The “rich versus poor” debate is playing out among countries too. In developed countries the fully vaccinated rate is ~40% while it is just 11% in the developing economies, per a recent New York Times analysis. A great fear of this disparity is that new variants will continue to cycle around the globe. If this were to be the case, the International Monetary Fund estimates the global cost over the next four years to be $4.5 trillion in lost gross domestic production. The cost of poor healthcare and structural debt to a country can be devastating. Case in point is Haiti, which has suffered enormously over the last decade. Over 200 years ago, France demanded a 150 million franc payment for its independence, a crushing burden that the country is still trying to service.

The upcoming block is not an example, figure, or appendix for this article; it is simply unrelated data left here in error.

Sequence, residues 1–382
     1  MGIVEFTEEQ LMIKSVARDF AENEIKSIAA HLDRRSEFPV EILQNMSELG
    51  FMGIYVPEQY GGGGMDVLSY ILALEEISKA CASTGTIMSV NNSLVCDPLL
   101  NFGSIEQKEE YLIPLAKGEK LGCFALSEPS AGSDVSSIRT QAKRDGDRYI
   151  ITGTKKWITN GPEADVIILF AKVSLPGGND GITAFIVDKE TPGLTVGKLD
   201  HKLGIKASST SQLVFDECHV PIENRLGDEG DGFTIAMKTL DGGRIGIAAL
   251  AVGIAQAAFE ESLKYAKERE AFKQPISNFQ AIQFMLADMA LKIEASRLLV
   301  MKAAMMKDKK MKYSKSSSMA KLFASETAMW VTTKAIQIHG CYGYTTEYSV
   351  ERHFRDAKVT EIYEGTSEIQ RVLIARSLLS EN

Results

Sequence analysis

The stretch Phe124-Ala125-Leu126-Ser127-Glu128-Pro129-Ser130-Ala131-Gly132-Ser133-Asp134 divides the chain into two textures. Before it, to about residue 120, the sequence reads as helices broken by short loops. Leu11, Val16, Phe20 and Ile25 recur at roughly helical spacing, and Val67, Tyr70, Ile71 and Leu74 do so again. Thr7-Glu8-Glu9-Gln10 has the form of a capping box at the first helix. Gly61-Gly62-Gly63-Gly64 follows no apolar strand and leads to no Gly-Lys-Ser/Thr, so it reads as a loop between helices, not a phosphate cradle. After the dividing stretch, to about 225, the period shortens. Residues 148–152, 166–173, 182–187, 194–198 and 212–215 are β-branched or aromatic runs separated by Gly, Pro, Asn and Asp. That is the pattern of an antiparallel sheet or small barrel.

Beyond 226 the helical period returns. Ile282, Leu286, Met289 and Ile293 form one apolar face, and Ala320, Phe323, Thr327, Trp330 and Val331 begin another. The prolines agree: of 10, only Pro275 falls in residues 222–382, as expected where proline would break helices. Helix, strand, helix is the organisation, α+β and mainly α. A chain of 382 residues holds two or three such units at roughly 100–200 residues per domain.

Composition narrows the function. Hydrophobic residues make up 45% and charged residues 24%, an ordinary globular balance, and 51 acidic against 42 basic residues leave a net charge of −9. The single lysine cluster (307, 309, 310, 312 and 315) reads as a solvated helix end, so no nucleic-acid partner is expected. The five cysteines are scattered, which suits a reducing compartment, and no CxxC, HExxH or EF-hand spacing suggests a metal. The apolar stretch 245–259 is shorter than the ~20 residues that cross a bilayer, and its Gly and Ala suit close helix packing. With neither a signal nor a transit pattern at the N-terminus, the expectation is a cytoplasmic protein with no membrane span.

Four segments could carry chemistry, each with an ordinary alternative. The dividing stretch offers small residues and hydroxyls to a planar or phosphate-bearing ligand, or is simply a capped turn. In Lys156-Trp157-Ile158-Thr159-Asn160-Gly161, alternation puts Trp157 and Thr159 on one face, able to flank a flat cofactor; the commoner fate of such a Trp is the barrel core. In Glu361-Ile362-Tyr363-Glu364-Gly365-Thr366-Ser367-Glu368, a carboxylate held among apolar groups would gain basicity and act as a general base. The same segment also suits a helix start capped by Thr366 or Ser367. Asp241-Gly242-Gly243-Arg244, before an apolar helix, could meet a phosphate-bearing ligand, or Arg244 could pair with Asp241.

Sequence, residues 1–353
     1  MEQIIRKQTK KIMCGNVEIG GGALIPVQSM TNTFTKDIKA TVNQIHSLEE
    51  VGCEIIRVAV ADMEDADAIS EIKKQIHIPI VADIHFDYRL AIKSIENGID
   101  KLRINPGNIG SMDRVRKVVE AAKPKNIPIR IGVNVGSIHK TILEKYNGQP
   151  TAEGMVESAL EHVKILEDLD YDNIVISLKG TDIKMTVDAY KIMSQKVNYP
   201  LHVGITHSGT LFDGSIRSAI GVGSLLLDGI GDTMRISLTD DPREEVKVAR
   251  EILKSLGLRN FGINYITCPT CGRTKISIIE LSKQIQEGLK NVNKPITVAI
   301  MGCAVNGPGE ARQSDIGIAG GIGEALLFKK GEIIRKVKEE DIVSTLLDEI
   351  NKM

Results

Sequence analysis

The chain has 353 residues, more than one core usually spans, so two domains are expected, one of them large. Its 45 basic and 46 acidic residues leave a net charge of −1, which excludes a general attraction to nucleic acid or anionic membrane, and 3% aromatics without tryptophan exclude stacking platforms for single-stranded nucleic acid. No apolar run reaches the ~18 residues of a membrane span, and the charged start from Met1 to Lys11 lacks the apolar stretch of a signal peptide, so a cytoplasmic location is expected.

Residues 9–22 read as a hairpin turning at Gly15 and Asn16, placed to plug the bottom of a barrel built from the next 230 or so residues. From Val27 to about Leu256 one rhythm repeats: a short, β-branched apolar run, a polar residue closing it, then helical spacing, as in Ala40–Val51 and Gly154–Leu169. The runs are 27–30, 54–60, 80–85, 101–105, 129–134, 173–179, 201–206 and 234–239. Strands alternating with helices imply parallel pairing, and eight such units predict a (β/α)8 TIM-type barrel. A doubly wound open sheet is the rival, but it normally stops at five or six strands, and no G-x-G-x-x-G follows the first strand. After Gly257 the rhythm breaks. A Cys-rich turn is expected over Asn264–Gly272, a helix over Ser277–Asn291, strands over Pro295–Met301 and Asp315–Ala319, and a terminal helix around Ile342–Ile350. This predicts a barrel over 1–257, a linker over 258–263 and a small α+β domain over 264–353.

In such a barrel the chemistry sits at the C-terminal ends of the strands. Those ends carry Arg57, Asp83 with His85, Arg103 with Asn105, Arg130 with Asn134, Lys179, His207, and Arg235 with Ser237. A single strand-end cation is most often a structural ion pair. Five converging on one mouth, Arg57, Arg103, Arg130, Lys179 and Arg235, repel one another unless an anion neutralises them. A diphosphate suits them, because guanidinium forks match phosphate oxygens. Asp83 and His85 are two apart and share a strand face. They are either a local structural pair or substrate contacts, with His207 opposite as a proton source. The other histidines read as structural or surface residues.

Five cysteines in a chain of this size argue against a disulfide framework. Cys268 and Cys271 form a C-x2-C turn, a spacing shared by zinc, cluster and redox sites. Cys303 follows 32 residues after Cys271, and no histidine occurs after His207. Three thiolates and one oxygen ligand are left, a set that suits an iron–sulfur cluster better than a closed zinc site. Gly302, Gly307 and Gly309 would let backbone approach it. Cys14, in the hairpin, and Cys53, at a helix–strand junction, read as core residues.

Ironically, all of this is playing out against a backdrop of exceptional financial liquidity. Globally, corporations have $6.84 trillion of cash on-hand at the end of 2Q21 according to S&P Global data, which is 45% greater than the annual average over the five-year period pre-Covid. Over $16.5 trillion of debt globally now trades at a negative yield, according to Barclays. Simply unprecedented. All of this liquidity has led to a global M&A boom with $855 billion of deal activity in 2Q21 (Pitchbook), an increase of 12% over 2Q20.
With greater income and wealth inequality analysts anticipate greater disparities in health outcomes. While perhaps controversial, policies that lessen the medical debt burdens, thereby lessening the disparities, arguably should improve overall public health. While $140 billion of medical debt is an extraordinary number, in the context of a nearly $4 trillion U.S. healthcare system and nearly $15 trillion of household debt, one might dream that policy makers could architect a solution. In the face of the pandemic, over 11.8 million loans were approved as part of the Paycheck Protection Program (PPP) which had a total of $953 billion available for forgivable loans. It can be done.